4 Great Ways to Make Breakthroughs

Broaden your resources and your thinking to find radical innovation.
October 23, 2014

Steve Jobs, Apple’s maverick co-founder, once said, “Creativity is just connecting things.... Creative people... connect experiences and synthesize new things.... They were able to do that [because] they’ve had more experiences or they have thought more about their experiences than other people.”

This presents us with an interesting dilemma. We are taught that we should become experts and avoid being jacks-of-all-trades, masters of none. And to become experts, we purposefully eliminate dots and focus on one specific area. Those disappearing dots give rise to my belief that “expertise is the enemy of creativity.”

Odds are that you are an expert. You undoubtedly know your business better than anyone, especially if you have been running it for years.

Unfortunately, that knowledge may hinder your ability to view your business with fresh eyes. Although you have depth, which is useful for slight improvements, you must have breadth to develop breakthroughs. Research bears this out: After analyzing 17,000 patents, Lee Fleming, a business administration professor at Harvard Business School, discovered that teams of people with similar backgrounds yielded few breakthroughs, while cross-disciplinary teams produced more radical solutions.

But rest assured that you, the expert, can still make breakthroughs, and here are four great ways to generate them.

1. Find an analogy.

Sometimes analogies can help you find new solutions. When looking to solve a problem, ask, “Who else has solved a challenge like this?” For example, instead of asking, “How do we make teeth whiter?” dental experts at Unilever asked, “Who else makes whites whiter?”

A workable solution was found when they learned that laundry detergent contains a blue pigment to create the illusion of whiteness. The result? Closeup White Now toothpaste (sold under different brand names globally), which contains a blue pigment.

Or consider the automotive industry, which constantly tries to reduce road noise inside vehicles. The traditional approach was to add insulation, which, because it increases a car’s weight, reduces gas mileage—a poor tradeoff. A better solution used the noise-cancellation technologies found in headphones.

In addition to assisting with product innovation, analogies can inspire new business models.

Boat-rental companies typically charge per day or hour of use, but Florida-based Freedom Boat Club uses a model akin to Netflix’s DVD service. Instead of charging per DVD borrowed, Netflix employs a flat-fee subscription service that allows unlimited access to DVDs, with customers holding a limited number of disks at any one time. Freedom’s similar model allows renters to use boats as much as they want, although they have a cap on the number of reservations at any one time. The result is a win-win: Renters have ample access, and the rental company maintains steady, easy-to-monitor demand. This model could be applied to any industry that has a finite capacity, such as hotel rooms, consulting hours or vehicle rentals.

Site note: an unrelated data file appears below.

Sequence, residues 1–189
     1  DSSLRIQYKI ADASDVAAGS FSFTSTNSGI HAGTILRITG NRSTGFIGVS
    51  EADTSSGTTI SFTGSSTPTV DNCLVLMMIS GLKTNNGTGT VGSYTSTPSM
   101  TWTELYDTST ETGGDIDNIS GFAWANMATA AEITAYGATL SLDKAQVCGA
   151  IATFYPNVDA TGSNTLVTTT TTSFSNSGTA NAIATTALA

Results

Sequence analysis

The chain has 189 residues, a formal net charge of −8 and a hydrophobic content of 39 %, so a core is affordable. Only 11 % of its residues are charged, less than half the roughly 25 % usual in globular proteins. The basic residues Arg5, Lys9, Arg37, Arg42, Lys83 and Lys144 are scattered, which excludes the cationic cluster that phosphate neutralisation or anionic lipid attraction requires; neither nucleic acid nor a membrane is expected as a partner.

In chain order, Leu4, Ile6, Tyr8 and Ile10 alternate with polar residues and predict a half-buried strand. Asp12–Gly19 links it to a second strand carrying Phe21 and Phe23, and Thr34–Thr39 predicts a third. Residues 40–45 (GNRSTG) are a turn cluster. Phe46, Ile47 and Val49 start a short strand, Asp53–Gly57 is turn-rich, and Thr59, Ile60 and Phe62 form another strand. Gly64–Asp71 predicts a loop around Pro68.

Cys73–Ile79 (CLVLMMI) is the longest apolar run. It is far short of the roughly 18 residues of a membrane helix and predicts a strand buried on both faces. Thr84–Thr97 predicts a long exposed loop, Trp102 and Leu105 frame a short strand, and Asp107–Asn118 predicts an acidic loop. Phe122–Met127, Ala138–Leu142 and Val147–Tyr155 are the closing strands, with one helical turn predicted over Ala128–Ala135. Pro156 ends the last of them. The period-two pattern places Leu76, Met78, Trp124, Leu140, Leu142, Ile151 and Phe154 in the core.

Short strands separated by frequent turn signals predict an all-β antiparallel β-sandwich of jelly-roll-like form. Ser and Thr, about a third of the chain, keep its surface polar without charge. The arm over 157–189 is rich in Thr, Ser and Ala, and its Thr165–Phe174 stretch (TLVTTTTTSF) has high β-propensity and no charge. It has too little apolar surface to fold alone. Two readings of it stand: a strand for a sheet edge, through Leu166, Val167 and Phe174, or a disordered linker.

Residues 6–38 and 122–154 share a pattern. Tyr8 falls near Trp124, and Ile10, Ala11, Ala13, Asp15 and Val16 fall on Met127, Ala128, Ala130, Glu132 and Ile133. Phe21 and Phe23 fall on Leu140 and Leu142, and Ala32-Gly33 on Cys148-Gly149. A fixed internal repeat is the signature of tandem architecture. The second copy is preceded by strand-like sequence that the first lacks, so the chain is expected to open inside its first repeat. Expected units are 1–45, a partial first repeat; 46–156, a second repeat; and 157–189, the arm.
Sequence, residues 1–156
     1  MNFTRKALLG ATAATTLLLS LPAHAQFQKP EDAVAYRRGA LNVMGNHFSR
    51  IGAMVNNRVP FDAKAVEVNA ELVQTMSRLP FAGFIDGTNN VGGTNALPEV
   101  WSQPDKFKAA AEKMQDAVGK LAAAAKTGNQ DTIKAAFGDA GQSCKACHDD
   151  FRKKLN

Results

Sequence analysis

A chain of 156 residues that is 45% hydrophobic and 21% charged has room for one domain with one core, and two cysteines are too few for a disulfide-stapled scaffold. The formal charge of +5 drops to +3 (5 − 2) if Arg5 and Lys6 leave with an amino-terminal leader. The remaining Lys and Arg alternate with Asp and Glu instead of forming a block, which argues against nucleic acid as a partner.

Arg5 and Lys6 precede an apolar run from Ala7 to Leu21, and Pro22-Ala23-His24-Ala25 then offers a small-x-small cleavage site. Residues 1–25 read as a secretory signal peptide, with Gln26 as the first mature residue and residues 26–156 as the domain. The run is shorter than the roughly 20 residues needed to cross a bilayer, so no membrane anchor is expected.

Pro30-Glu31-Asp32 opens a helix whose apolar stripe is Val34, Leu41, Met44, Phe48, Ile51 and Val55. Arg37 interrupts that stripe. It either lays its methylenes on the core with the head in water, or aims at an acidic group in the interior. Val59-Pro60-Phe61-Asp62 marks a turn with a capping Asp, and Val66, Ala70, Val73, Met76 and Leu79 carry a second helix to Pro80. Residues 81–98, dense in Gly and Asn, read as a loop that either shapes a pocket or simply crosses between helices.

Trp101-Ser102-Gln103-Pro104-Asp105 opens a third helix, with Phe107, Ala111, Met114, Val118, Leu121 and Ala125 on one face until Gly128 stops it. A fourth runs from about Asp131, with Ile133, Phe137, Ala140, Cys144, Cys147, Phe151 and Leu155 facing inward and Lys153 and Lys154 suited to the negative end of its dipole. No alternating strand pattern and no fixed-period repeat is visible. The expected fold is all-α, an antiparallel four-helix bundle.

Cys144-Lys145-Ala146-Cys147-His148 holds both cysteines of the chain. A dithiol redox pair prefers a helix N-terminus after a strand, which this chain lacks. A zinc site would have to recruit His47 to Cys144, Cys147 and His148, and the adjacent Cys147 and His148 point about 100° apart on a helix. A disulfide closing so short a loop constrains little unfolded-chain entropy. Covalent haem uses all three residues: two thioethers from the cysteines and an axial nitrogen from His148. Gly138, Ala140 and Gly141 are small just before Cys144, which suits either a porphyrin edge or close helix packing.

If your business faces a specific challenge, it’s probably not unique. So look for a solution unearthed by a company in an unrelated industry.

2. Leverage crowds.

If you can’t find a way to build on someone else’s breakthrough as with the analogy tactic, crowdsourcing can be a terrific alternative. You post your well-defined problem as a challenge on a website (InnoCentive.com and TopCoder.com are excellent choices) so people from various disciplines can assist.

For example, a well-known global potato chip manufacturer wanted to make a lower-fat product by shaking excess oil off the snacks. The company’s experts tried many techniques, including the creation of a vibrating conveyor belt that removed the excess oil but was so vigorous that it turned the chips into crumbs.

When the company turned to crowdsourcing to determine what else could shake oil off the delicate chips without damage, the solution didn’t come from a food engineer (or any other kind of engineer). The hero was a musician who put the chips under a loudspeaker, gently removing excess oil with vibrations that could be controlled by the speaker’s volume and frequency.

In addition to crowdsourcing websites, you can ask for ideas from friends, fans, followers and other connections on social media. And you can solicit suggestions by posting a question on your own website and receiving responses via email.